Print ISSN: 1055-9965
    Electronic ISSN: 1538-7755
    Topics: Medicine
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  • 8
    Publication Date: 2018-06-05
    Description: Maintenance of the regulatory T (Treg) cell pool is essential for peripheral tolerance and prevention of autoimmunity. Integrins, heterodimeric transmembrane proteins consisting of α and β subunits that mediate cell-to-cell and cell-to-extracellular matrix interactions, play an important role in facilitating Treg cell contact–mediated suppression. In this article, we show that integrin activation plays an essential, previously unappreciated role in maintaining murine Treg cell function. Treg cell–specific loss of talin, a β integrin–binding protein, or expression of talin(L325R), a mutant that selectively abrogates integrin activation, resulted in lethal systemic autoimmunity. This dysfunction could be attributed, in part, to a global dysregulation of the Treg cell transcriptome. Activation of integrin α 4 β 1 led to increased suppressive capacity of the Treg cell pool, suggesting that modulating integrin activation on Treg cells may be a useful therapeutic strategy for autoimmune and inflammatory disorders. Taken together, these results reveal a critical role for integrin-mediated signals in controlling peripheral tolerance by virtue of maintaining Treg cell function.
    Print ISSN: 0022-1767
    Electronic ISSN: 1550-6606
    Topics: Medicine
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  • 9
    Publication Date: 2016-02-11
    Description: Gene expression can be regulated post-transcriptionally through dynamic and reversible RNA modifications. A recent noteworthy example is N(6)-methyladenosine (m(6)A), which affects messenger RNA (mRNA) localization, stability, translation and splicing. Here we report on a new mRNA modification, N(1)-methyladenosine (m(1)A), that occurs on thousands of different gene transcripts in eukaryotic cells, from yeast to mammals, at an estimated average transcript stoichiometry of 20% in humans. Employing newly developed sequencing approaches, we show that m(1)A is enriched around the start codon upstream of the first splice site: it preferentially decorates more structured regions around canonical and alternative translation initiation sites, is dynamic in response to physiological conditions, and correlates positively with protein production. These unique features are highly conserved in mouse and human cells, strongly indicating a functional role for m(1)A in promoting translation of methylated mRNA.〈br /〉〈span class="detail_caption"〉Notes: 〈/span〉Dominissini, Dan -- Nachtergaele, Sigrid -- Moshitch-Moshkovitz, Sharon -- Peer, Eyal -- Kol, Nitzan -- Ben-Haim, Moshe Shay -- Dai, Qing -- Di Segni, Ayelet -- Salmon-Divon, Mali -- Clark, Wesley C -- Zheng, Guanqun -- Pan, Tao -- Solomon, Oz -- Eyal, Eran -- Hershkovitz, Vera -- Han, Dali -- Dore, Louis C -- Amariglio, Ninette -- Rechavi, Gideon -- He, Chuan -- GM113194/GM/NIGMS NIH HHS/ -- GM71440/GM/NIGMS NIH HHS/ -- HG006699/HG/NHGRI NIH HHS/ -- HG008688/HG/NHGRI NIH HHS/ -- Howard Hughes Medical Institute/ -- England -- Nature. 2016 Feb 25;530(7591):441-6. doi: 10.1038/nature16998. Epub 2016 Feb 10.〈br /〉〈span class="detail_caption"〉Author address: 〈/span〉Department of Chemistry and Institute for Biophysical Dynamics, The University of Chicago, 929 East 57th Street, Chicago, Illinois 60637, USA. ; Howard Hughes Medical Institute, The University of Chicago, 929 East 57th Street, Chicago, Illinois 60637, USA. ; Cancer Research Center, Chaim Sheba Medical Center, Tel Hashomer 52621, Israel. ; Sackler School of Medicine, Tel Aviv University, Tel Aviv 69978, Israel. ; Department of Biochemistry and Molecular Biology, The University of Chicago, 929 East 57th Street, Chicago, Illinois 60637, USA. ; The Mina and Everard Goodman Faculty of Life Sciences, Bar-Ilan University, Ramat Gan 52900, Israel.〈br /〉〈span class="detail_caption"〉Record origin:〈/span〉 〈a href="http://www.ncbi.nlm.nih.gov/pubmed/26863196" target="_blank"〉PubMed〈/a〉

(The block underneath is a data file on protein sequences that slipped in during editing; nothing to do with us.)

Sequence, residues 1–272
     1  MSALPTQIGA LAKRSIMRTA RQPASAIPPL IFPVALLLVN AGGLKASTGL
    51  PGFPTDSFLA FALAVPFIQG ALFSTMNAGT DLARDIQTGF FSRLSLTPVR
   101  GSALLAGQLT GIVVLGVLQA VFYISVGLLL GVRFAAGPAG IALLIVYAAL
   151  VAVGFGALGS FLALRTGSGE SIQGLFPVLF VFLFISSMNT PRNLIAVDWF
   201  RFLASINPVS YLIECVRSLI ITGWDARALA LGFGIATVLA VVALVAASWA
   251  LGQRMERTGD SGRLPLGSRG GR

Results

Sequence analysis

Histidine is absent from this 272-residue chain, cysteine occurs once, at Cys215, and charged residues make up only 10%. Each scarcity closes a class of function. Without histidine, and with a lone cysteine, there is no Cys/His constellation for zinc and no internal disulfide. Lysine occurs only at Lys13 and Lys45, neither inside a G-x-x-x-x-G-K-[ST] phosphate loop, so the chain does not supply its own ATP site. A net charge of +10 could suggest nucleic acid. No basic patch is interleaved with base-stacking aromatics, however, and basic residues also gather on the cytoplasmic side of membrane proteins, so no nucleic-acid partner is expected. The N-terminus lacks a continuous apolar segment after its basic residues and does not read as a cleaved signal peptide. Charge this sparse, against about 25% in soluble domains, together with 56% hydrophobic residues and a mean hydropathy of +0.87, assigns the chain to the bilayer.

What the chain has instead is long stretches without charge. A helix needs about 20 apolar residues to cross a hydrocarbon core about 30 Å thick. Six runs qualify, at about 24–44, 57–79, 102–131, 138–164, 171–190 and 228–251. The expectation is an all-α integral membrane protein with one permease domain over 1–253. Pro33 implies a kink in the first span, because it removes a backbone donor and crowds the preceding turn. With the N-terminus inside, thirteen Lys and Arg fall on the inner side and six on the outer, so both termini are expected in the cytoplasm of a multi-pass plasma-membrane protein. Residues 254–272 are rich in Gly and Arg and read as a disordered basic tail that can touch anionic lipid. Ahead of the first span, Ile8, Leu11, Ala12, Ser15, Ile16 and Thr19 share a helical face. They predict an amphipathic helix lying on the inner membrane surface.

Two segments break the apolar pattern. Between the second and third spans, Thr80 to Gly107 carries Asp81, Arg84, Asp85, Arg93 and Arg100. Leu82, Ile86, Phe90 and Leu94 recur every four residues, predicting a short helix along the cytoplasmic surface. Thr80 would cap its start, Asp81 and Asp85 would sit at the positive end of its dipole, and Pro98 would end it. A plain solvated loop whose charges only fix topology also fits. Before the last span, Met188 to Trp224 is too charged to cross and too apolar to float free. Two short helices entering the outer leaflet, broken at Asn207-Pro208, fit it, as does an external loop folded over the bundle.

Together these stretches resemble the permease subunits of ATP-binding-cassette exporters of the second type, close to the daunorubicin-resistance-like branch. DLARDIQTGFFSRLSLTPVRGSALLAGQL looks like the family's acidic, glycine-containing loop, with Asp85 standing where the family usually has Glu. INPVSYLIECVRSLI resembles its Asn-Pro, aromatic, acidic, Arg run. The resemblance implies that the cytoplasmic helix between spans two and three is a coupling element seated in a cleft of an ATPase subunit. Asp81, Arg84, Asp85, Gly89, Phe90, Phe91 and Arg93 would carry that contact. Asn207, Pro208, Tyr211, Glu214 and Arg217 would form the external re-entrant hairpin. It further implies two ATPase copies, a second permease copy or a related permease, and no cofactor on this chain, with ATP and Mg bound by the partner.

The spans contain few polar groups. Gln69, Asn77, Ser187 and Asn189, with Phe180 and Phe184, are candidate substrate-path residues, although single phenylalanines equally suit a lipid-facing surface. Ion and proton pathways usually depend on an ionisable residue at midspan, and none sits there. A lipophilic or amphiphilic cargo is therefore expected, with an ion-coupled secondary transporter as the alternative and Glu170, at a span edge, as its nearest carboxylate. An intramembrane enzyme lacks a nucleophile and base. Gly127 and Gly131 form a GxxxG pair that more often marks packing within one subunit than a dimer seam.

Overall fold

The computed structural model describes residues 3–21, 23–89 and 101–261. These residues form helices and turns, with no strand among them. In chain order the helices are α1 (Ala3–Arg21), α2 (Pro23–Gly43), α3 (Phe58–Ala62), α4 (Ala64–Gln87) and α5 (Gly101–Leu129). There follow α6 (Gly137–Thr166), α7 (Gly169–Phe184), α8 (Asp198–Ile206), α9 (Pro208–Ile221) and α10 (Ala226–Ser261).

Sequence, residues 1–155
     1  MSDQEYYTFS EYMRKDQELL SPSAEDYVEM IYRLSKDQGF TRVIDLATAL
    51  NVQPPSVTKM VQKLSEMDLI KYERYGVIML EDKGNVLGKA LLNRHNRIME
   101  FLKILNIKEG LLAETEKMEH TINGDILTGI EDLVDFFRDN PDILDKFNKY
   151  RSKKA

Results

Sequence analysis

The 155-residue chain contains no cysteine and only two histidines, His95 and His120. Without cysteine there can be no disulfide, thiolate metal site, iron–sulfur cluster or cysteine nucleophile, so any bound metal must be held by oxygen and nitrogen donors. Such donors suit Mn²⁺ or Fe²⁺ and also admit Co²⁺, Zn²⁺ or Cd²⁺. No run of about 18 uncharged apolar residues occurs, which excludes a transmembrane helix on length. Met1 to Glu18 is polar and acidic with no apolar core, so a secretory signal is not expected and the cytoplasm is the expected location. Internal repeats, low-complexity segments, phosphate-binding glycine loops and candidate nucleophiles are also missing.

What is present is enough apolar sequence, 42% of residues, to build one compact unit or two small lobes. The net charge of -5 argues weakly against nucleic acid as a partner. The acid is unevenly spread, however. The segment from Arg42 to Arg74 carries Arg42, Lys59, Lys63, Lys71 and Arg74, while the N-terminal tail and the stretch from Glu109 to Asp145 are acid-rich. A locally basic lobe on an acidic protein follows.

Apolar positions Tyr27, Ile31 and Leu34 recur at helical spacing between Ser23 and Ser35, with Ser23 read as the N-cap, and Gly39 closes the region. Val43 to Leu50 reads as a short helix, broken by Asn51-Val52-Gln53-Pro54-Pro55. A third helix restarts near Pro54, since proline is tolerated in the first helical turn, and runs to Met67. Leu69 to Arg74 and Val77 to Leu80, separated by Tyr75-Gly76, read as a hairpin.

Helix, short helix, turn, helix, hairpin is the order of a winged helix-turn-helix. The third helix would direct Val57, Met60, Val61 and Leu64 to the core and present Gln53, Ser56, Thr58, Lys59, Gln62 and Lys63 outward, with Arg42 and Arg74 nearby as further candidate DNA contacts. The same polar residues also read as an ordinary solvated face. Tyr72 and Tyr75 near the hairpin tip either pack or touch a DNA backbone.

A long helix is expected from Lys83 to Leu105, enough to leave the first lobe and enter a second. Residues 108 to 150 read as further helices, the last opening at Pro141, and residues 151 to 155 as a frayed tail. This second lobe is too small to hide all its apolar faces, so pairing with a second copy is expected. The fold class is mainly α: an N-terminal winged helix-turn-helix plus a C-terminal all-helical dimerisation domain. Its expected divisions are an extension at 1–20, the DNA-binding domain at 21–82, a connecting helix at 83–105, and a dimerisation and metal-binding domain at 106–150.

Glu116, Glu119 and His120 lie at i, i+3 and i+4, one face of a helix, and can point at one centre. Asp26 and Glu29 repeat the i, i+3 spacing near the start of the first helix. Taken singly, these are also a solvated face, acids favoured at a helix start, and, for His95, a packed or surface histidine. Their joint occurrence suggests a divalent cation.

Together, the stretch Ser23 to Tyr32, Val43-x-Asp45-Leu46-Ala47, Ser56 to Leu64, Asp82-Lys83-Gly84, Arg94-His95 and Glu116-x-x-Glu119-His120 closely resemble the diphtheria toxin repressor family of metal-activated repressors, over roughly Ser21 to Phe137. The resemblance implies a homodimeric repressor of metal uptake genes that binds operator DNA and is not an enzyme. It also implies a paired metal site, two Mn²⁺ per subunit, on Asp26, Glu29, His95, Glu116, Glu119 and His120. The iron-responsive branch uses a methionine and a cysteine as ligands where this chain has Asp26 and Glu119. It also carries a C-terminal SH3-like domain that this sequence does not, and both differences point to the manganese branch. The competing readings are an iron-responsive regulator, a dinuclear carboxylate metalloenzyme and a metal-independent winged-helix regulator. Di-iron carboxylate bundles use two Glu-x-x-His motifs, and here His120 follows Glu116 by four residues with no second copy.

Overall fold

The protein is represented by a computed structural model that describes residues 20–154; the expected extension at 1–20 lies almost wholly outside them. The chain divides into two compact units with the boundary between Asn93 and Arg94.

Print ISSN: 0028-0836
    Electronic ISSN: 1476-4687
    Topics: Biology , Chemistry and Pharmacology , Medicine , Natural Sciences in General , Physics
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  • 10
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    German Medical Science GMS Publishing House; Düsseldorf
    In:  Deutscher Kongress für Orthopädie und Unfallchirurgie (DKOU 2018); 20181023-20181026; Berlin; DOCST28-386 /20181106/
    Publication Date: 2018-11-07
    Keywords: FAI ; Femoroacetabular Impingement ; Subspine FAI ; Femoral Retrotorsion ; Femoral Torsion ; ddc: 610
    Language: English
    Type: conferenceObject